587
85349
Victims and Violators: Open Source Information, Admissibility Standards, and War Crimes Investigations in Iraq and Syria
Abstract:
Modern technology and social media platforms have fundamentally altered the nature of war crimes investigations by providing new forms of data, evidence, and documentation, and pose a unique opportunity to expand the efficacy of international law. However, much of the open source information available is deemed inadmissible in subsequent legal proceedings and fails to function as evidence largely due to issues of reliability and verifiability. Focusing on current judicial investigations related to ongoing conflicts in Syria and Iraq, this paper will examine key challenges and opportunities for the effective use of open source information in securing justice. This paper will consider strategies and approaches that can be used to ensure that information collected by affected populations meets basic admissibility standards. This paper argues that the critical failure to equip civilian populations in conflict zones with knowledge and information regarding established admissibility standards and guidelines both jeopardizes the potential of open source information and compromises the ability of victims to participate effectively in justice and accountability processes. The ultimate purpose of this paper is, therefore, to examine how to maximize the value of open source information based on the rules of evidence in international, regional, and national courts, and how to maximize the participation of affected populations in holding their abusers to account.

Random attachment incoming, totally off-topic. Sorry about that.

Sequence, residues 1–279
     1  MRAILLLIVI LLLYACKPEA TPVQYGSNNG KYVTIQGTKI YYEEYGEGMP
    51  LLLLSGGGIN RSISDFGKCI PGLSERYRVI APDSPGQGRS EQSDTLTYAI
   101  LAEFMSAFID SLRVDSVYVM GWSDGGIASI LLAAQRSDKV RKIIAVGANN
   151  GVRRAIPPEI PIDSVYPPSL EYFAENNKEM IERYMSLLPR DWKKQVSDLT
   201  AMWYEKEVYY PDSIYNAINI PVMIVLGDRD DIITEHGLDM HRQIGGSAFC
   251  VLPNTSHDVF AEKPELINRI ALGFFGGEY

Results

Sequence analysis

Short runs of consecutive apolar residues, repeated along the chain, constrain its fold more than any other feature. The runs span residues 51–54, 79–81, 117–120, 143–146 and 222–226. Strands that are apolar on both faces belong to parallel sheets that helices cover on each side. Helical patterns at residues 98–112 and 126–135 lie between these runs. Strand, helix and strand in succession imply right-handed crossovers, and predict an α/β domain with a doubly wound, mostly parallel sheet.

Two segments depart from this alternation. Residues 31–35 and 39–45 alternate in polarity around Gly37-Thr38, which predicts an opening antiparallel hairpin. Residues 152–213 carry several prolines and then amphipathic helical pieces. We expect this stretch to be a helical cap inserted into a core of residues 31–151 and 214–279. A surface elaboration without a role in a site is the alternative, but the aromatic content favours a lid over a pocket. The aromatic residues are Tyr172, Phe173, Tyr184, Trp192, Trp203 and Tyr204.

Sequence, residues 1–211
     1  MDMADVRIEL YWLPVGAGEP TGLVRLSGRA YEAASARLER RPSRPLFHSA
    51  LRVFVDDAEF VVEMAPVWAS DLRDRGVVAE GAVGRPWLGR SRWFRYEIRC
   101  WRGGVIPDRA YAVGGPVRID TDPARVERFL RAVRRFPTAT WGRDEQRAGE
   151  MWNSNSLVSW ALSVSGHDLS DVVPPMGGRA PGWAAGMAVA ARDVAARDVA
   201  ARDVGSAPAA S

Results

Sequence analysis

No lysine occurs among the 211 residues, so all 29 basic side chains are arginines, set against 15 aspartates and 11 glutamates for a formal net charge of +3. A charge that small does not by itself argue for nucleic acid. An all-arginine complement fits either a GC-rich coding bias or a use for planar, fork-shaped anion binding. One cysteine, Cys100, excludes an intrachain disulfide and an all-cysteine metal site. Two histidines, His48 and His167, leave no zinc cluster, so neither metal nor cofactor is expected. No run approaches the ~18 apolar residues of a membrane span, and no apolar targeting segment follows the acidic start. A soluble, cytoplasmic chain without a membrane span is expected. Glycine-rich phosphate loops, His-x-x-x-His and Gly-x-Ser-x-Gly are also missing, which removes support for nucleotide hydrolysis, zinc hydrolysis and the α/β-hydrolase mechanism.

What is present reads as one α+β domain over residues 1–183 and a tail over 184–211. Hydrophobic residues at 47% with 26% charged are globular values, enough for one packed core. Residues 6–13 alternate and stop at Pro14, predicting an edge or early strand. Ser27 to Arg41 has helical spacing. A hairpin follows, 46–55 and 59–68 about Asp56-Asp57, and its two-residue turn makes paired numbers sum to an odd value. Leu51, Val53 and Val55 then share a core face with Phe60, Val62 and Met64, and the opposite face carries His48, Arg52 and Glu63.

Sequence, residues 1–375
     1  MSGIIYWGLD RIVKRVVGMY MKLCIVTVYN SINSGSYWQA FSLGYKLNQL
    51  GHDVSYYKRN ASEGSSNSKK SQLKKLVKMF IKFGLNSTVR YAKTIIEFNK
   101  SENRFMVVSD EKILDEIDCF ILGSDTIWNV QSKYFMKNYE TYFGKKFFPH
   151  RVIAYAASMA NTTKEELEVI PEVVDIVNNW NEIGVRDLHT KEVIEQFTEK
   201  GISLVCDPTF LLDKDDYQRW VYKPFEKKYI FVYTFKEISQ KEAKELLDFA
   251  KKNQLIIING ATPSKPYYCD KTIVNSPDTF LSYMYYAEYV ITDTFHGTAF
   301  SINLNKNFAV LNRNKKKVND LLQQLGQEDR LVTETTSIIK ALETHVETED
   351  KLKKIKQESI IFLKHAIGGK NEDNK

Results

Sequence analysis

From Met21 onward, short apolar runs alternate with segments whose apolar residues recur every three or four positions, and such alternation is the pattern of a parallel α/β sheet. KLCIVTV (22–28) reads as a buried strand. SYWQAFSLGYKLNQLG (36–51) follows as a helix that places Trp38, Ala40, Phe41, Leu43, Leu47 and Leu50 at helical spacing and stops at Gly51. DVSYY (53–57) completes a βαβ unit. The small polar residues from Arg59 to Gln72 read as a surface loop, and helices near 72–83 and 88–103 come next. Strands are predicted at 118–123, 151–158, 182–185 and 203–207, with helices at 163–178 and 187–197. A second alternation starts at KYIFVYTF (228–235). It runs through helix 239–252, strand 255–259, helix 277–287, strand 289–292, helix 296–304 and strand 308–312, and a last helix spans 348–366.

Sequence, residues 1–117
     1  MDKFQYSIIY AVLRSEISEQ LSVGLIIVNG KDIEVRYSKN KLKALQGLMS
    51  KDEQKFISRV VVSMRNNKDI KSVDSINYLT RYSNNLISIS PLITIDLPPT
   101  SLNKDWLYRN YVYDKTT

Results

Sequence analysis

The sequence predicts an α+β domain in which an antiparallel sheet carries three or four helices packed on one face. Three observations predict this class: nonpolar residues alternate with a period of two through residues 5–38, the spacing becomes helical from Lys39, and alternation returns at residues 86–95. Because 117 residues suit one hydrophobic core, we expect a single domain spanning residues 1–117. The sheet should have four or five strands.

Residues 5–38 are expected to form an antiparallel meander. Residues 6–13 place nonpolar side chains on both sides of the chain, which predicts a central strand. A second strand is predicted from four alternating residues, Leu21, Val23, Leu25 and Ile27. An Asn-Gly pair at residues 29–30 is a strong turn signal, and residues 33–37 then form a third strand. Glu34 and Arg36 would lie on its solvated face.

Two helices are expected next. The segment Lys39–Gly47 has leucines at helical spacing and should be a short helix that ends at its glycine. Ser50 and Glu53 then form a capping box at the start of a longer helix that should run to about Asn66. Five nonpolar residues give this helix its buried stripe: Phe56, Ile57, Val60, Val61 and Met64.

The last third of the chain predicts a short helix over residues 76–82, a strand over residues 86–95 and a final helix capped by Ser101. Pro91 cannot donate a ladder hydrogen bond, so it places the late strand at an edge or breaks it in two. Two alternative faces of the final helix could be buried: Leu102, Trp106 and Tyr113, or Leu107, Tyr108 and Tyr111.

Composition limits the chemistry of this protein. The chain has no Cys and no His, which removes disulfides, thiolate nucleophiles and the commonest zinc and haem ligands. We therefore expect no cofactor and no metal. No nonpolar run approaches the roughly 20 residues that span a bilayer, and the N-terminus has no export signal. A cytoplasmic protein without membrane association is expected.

Digital Article Identifier (DAI):
586
85322
The Shrinking Nature of Parliamentary Immunity in Kenya: A Proposal for Judicial Restraint
Abstract: